On the other hand, the mixed membership SBM offers more flexibility in block memberships by allowing each vertex to be in a mixture of blocks (Airoldi et al. 2008).

### Definition 5

(Mixed-membership SBM) Denote \(\Delta ^{d \times 1}\) to be the space of the \((d+1)\)-dimensional column vectors starting at the origin and terminating in the *d*-dimensional unit simplex. We say that a graph \((\varvec{X}, \varvec{A}) \sim RDPG(F, n)\) is a mixed-membership SBM (MMSBM) with *K* blocks, if there exists a matrix \(\varvec{Z} = \left[ \varvec{Z}_1, \ldots , \varvec{Z}_K \right] ^T \in \mathbb {R}^{K \times d}\) and a distribution over \(\Delta ^{(K-1) \times 1}\), denoted as \(F_m\), such that for each \(\varvec{X_i}\), there exists \(\varvec{v}_i \sim F_m\) and \(\varvec{X_i} = \varvec{Z}^T \varvec{v}_i\).

That is, any latent position of a vertex in an MMSBM is a convex combination of *K* shared points, \(\varvec{Z}_1, \ldots , \varvec{Z}_K\). The MMSBM generalizes the SBM from an RDPG with latent positions coming from a finite-dimensional mixture of point-masses to an RDPG with latent positions having a distribution over a convex hull formed by a finite number of points. See left and right panels of Fig. 1 for a visualization of thereof. Once again, the whole convex hull needs not be in the support of this distribution. If one constrains \(F_m\) to only have support on a finite set of vectors with 1 in a single entry and 0 in all other, \(F_m\) collapses to a distribution of point-masses and the model agrees exactly with SBM.

### Remark 4

For graphs with one-dimensional latent positions, any RDPG model is both a DCSBM with a single block and an MMSBM with two blocks. To see this, note that the latent positions all take values in [0, 1] (or equivalently \([-1, 0]\)). This region can be thought of as either a single line segment starting from the origin or as a one-dimensional convex hull between 0 and 1.

### Remark 5

Jin et al. (2017) introduced a model that has both the degree heterogeneity of the DCSBM and the flexible memberships of MMSBM. This model can also be formulated in terms of the RDPG. See, for example, Definition 6 of Agterberg et al. (2020).

We reiterate that the SBM with *K* blocks is a submodel of both the *K*-block DCSBM and the *K*-block MMSBM. Furthermore, both the *K*-block DCSBM and the *K*-block MMSBM are submodels of an RDPG with latent positions in at most *K* dimensions. Hence, any test for the equality of the latent distributions that is consistent in the RDPG setting will be able to meaningfully distinguish between two graphs generated from two different model subspaces, or between graphs from the same model subspace but with different parameters; for example, between a MMSBM and an SBM, or between two SBMs with different block-probability matrices.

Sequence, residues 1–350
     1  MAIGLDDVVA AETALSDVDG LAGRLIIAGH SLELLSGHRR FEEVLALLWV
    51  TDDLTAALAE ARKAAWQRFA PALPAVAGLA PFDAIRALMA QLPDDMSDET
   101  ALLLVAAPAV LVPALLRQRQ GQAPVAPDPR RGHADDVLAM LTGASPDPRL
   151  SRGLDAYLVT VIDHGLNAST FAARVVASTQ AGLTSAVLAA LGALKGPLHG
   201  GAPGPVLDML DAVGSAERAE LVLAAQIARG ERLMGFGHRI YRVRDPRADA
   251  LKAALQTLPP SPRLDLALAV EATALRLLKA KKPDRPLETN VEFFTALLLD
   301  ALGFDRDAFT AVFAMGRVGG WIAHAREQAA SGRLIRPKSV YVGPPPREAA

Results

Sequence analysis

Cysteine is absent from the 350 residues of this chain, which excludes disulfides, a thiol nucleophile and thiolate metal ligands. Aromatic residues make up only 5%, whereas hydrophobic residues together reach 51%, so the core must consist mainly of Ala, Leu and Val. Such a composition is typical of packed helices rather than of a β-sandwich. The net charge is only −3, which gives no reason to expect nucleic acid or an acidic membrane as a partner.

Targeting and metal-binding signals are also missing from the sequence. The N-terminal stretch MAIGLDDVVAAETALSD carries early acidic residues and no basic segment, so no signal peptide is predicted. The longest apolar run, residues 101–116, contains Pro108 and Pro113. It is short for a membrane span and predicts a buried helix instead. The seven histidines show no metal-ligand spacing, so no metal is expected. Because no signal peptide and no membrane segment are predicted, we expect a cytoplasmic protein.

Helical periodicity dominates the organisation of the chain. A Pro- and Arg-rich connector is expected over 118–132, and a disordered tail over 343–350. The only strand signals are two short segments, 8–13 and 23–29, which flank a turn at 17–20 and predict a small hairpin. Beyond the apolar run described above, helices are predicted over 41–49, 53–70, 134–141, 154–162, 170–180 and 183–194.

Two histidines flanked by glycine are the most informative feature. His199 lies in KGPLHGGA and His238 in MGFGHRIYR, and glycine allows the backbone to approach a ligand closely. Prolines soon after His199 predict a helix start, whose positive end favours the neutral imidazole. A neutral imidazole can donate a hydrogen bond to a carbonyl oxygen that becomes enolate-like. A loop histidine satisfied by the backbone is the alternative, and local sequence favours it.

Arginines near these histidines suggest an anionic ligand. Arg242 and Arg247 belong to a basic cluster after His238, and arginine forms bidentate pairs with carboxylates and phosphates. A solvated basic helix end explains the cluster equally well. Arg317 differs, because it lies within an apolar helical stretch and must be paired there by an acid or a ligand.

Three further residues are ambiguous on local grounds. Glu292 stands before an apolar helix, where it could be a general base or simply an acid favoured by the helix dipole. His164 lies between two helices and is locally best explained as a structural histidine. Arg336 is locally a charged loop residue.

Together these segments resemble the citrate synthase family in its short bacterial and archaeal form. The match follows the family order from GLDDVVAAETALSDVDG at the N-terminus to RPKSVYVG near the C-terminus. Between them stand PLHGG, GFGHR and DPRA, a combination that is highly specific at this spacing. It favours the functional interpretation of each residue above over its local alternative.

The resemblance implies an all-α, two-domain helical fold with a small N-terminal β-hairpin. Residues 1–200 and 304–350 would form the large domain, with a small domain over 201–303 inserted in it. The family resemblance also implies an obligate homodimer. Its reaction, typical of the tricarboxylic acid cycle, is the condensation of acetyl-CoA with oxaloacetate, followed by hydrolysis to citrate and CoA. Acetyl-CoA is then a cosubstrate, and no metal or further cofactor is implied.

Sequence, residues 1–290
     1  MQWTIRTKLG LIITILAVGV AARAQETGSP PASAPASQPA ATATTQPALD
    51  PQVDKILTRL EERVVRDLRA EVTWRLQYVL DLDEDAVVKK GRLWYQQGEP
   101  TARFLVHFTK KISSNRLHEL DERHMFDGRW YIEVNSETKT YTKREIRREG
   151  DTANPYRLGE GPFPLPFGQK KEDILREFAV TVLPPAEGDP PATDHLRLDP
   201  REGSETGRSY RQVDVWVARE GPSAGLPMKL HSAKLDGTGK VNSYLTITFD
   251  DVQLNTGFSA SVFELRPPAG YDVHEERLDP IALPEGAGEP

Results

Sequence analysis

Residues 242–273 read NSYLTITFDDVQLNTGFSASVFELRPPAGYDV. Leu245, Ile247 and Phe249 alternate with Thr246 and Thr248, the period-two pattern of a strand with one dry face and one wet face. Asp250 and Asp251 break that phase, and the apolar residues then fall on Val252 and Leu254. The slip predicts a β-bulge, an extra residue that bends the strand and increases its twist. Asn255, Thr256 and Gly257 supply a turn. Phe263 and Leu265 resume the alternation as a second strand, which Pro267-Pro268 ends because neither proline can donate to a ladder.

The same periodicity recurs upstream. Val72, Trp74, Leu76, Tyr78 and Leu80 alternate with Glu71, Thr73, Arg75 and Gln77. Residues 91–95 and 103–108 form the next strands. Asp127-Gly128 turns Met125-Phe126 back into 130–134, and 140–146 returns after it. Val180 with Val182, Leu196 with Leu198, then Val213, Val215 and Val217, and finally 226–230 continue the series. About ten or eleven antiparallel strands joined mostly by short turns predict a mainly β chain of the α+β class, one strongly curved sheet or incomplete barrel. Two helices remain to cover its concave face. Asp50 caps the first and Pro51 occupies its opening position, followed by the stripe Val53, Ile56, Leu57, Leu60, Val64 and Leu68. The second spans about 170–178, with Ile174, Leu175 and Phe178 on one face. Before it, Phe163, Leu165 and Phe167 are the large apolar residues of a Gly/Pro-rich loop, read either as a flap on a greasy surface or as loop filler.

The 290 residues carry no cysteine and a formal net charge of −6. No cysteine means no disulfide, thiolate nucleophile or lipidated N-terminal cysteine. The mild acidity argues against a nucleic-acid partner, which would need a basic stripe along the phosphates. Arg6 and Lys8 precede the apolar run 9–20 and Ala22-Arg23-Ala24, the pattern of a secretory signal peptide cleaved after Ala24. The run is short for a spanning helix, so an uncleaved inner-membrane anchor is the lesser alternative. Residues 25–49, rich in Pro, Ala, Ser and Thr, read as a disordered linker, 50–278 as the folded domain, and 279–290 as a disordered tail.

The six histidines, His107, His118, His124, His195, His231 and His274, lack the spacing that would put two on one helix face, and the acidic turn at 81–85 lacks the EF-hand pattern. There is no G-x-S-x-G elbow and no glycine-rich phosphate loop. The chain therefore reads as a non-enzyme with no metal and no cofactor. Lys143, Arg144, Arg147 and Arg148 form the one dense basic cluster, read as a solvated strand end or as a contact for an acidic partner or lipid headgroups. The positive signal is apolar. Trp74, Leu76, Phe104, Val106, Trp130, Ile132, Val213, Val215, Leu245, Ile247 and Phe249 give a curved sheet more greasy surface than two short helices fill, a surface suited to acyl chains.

### Adjacency spectral embedding

Inference on random dot product graphs relies on having good estimates of the latent positions of the vertices. One way to estimate the latent positions is to use the adjacency spectral embedding of the graph, defined as follows.

### Definition 6

(Adjacency spectral embedding (ASE)) Let \(\varvec{A}\) have eigendecomposition

where \(\varvec{U}\) and \(\varvec{\Lambda }\) consist of the top *d* eigenvectors and eigenvalues (arranged by decreasing magnitude) respectively, and \(\varvec{U}_{\perp }\) and \(\varvec{\Lambda }_{\perp }\) consist of the bottom \(n-d\) eigenvectors and eigenvalues respectively. The adjacency spectral embedding of \(\varvec{A}\) into \(\mathbb {R}^d\) is the \(n \times d\) matrix

where the operator \(\vert \cdot \vert\) takes the entrywise absolute value.

It has been proven in Sussman et al. (2012, 2014) and Lyzinski et al. (2014) that the adjacency spectral embedding provides a consistent estimate of the true latent positions in random dot product graphs. The key to this result is tight concentrations, in both Frobenius and \(2 \rightarrow \infty\) norms, of the ASE about the true latent positions.

Athreya et al. (2016) show that for a *d*-dimensional RDPG with i.i.d. latent positions, the ASE is not only consistent, but also asymptotically normal, in the sense that there exists a sequence of \(d \times d\) real orthogonal matrices \(\varvec{W}^{(n)}\) such that for any row index *i*, \(\sqrt{n} \left( \varvec{W}^{(n)} \hat{\varvec{X}}_i^{(n)} - \varvec{X}_i^{(n)} \right)\) converges to a (possibly infinite) mixture of multivariate normals.